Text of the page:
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III. Evidence pertaining to fire safety regulation from northeastern Santiago

Santiago, the capital city of country with a booming economy and many years of robust and sustained economic growth, provides fertile soil for examining how well building safety regulation has reduced the number of structural fires per capita. The relatively recent entrance (and use) of fire insurance products, political tensions, and the low incidence of arson adding to Santiago's appeal. Plus, a good data set on fires (which is not always easy to find) covering nearly all of the 20th century was available -- even surpassing the quality of the data set available in when I studied fires in Baltimore (Cobin 1997, chapter 1).

Objective of the Santiago building code

The first building code in Chile, comprising about two pages (6), was legislated after a disastrous earthquake struck Talca in 1928 (a medium-sized city a few hours south of Santiago). The legislation was designed to establish compulsory construction norms for minimum and maximum building height and the selection of building materials, plus a means to retard the propagation of fires and lessen risks due to earthquakes and "other phenomenon". It was also designed to improve hygiene and health conditions, as well as the exterior appearance of buildings (i.e., reduce visual negative externalities).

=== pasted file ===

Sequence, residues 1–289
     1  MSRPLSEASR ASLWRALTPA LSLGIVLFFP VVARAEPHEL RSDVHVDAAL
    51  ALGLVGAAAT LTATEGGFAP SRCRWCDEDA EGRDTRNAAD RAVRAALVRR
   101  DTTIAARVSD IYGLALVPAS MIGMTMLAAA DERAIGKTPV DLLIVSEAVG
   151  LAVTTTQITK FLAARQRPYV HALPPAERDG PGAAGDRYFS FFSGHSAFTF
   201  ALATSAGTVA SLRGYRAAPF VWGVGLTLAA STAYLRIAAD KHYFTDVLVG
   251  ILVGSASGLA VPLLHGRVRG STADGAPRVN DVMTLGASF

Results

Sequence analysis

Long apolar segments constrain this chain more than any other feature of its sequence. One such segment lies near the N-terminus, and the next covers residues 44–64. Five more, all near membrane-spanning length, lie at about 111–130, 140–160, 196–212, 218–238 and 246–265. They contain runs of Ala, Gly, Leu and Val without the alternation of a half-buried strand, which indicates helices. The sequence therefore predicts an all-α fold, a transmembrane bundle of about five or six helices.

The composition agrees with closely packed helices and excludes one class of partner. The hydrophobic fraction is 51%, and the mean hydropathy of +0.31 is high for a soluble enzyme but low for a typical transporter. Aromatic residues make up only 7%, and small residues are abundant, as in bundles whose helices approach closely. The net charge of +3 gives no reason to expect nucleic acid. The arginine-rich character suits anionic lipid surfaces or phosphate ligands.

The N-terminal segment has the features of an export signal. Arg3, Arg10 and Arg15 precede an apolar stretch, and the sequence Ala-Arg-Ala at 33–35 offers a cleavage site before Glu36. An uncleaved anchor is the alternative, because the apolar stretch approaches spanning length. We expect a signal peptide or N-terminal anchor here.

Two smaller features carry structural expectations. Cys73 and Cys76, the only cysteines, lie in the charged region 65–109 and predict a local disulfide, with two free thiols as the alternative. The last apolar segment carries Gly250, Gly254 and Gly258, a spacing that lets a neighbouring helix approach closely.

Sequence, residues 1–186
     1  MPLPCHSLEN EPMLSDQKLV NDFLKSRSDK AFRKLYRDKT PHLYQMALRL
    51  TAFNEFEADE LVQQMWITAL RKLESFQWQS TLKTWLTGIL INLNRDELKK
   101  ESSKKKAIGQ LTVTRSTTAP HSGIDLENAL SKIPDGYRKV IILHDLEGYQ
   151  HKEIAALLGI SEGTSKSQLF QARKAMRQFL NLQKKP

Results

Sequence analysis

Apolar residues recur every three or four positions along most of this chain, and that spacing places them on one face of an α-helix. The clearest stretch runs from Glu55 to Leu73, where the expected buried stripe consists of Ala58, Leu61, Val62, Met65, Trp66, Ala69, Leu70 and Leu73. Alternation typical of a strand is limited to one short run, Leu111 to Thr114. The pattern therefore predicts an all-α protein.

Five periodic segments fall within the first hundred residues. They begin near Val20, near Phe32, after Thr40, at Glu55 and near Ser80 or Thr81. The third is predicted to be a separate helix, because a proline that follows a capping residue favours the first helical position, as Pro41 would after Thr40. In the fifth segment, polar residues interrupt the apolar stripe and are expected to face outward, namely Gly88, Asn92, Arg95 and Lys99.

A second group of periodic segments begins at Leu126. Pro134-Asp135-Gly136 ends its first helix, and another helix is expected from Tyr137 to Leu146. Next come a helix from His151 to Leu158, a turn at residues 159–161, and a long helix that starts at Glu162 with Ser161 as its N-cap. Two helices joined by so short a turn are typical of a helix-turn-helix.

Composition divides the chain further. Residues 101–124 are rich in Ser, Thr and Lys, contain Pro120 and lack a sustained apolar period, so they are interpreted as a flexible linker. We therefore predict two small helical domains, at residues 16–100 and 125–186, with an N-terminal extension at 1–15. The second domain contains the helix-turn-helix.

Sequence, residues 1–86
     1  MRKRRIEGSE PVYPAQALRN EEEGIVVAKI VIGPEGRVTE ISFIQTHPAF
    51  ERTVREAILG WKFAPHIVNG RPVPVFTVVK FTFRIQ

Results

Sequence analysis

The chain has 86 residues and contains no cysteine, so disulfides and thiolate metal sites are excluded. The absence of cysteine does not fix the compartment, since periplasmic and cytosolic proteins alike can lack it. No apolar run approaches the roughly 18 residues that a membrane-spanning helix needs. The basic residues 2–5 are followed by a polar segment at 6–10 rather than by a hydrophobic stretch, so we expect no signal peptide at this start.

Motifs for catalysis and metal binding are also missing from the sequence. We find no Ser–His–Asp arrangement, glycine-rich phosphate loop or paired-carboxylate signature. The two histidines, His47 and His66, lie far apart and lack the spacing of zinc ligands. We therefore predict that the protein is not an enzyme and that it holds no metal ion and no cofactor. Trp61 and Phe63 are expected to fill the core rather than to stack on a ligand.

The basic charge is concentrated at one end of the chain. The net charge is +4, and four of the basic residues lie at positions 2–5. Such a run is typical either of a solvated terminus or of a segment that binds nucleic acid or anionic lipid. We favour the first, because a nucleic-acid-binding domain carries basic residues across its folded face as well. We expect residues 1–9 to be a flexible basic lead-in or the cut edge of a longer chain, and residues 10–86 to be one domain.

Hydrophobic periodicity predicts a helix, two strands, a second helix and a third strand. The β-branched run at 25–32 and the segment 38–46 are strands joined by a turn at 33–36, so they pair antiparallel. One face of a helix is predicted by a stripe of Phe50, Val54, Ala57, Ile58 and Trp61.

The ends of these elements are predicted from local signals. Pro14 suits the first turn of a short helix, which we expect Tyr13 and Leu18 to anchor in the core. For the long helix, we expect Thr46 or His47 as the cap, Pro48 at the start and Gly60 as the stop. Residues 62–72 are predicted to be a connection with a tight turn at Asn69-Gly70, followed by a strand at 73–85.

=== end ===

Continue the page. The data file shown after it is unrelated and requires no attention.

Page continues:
Fire protections services in northeastern Santiago

There are twenty-two fire departments today in the greater Santiago metropolitan area. The oldest of these, the Cuerpo de Bomberos de Santiago (CBS), was formed in 1863 in response to a tragic downtown factory fire that left two thousand people dead. Beginning in 1903, various parts of the region began to form their own fire departments, with a number of departments springing up (and breaking off from CBS) in southeastern sections of Santiago during the 1930s. Thus, today, CBS services only northeastern Santiago, including the comunas of Santiago, Recoleta, Renca, Independencia, Estación Central, Providencia, Las Condes, Vitacura, and Lo Barnechea (7). The first five of these comunas represent the central and extended downtown area of the city while the last four represent the northeastern and most affluent sectors. Together they comprise the most important commercial zones in Santiago, about half of its land area, and just over one quarter of its population.

Accordingly, the data in this study reflect fires only for those sections of Santiago serviced by CBS. That is, all of extended Santiago up to 1932, and the northeastern sector thereafter. Plus 3/4 though in decreasing numbers 3/4 various smaller comunas and outlying rural regions continued to be covered by CBS until 1963. The CBS data are the oldest in Santiago and probably the most complete available. This data set begins in 1898 (a major fire in the CBS offices in 1891 destroyed most earlier records) and continues nearly without interruption until 1997, although the fire data are missing from 1914 to 1919 and are very incomplete in 1970, the first year of famed socialist President Allende.